Tuesday, March 03, 2009

Unhappy children, unhappy adults?


A miserable childhood is likely to result in greater levels of depression and anxiety in middle age. So suggests a recent study that followed over 7000 people born between 1950 and 1955. Undertaken by researchers at King's College, London, the study showed that children who had been described by teachers as 'miserable' or 'unhappy' were five times more likely to be sick and off-work in their forties.


Of course, such a study does not imply causality but, nonetheless, the connection is interesting. Nurture (or rather lack of it) as opposed to nature, especially as the study showed that those children who were physically unwell during childhood demonstrated no difference in rate of being sick in middle-aged.


I'd probably throw the findings of this paper in that my childhood was reasonably happy and my health is probably less than ideal now. How does this fit in with your experience?


If you want to know more, you can read the abstract for the paper from the British Journal of Psychiatry here and the BBC News article as detailed below.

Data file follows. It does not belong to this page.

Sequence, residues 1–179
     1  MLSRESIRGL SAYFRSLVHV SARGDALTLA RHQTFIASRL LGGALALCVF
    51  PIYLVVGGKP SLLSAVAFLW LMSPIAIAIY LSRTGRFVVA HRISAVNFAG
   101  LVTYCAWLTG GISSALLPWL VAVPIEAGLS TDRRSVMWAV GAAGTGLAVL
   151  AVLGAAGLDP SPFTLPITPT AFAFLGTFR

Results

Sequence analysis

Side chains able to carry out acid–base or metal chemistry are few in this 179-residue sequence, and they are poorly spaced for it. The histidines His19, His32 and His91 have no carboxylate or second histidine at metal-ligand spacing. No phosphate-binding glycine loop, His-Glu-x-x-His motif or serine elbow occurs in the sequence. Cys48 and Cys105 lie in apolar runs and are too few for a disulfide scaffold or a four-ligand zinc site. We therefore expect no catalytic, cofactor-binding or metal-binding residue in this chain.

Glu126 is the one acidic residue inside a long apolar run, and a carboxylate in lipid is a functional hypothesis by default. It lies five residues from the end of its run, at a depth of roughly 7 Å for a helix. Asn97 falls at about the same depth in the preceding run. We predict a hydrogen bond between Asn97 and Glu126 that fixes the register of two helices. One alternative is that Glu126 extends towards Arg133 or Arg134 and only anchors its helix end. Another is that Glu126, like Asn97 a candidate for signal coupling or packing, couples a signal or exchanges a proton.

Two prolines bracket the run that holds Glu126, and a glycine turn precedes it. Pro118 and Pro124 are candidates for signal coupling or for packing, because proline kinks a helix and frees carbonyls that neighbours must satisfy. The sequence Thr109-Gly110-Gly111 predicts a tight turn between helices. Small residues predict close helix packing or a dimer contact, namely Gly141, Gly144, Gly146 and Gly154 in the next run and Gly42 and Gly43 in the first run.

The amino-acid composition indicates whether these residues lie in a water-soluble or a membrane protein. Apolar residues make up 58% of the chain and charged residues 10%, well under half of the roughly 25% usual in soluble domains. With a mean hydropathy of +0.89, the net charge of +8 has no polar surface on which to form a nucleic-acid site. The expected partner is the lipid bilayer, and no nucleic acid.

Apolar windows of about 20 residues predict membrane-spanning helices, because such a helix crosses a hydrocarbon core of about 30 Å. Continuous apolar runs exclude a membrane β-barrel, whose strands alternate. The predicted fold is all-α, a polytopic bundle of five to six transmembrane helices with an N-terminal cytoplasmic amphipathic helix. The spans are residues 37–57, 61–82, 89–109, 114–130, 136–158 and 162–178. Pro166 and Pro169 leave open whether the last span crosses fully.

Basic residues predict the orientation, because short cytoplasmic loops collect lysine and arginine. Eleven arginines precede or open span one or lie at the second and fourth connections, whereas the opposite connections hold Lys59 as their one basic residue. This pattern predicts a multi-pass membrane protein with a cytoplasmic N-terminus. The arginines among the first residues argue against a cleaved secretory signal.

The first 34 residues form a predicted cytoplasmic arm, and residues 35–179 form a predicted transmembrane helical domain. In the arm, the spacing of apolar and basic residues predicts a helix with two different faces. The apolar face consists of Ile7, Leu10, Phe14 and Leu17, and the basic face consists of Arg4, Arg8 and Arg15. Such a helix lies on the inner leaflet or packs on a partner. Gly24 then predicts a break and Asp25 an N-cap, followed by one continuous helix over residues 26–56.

Resources


Henderson, M., Hotopf, M., & Leon, D. A. (2009). Childhood temperament and long-term sickness absence in adult life. British Journal of Psychiatry, 194, 220-223.


2 comments:

Awake In Rochester said...

Interesting. I would say that my early childhood was happy. Then something occurred (family member sick with cancer & died years later) so from about age 13 to 18 I had anxiety, and some unhappiness. My early adult hood was reasonably happy. Then something occurred (3 family members died within a short period of time), and my 40's have stunk- (Depression and increased anxiety.) So it's a mixed bag & seems to depend on illness or death of family members. So for me it seem to be circumstantial. But once I'm down it's very difficult to get up again.

Since 3 of my family members are very elderly, I better figure out how to deal with death, or I'm going to be in trouble soon.

Psychgrad said...

Interesting study. My bias is that most kids that are miserable or unhappy are facing unhealthy environments at home or school. I find the delayed effects of prolonged stress interesting. But there are so many layers in life/genetics that can come to influence health as an adult.

I was a relatively healthy child...though I remember having a lot of headaches. I think it was home environment because I don't have many headaches today and am still relatively healthy.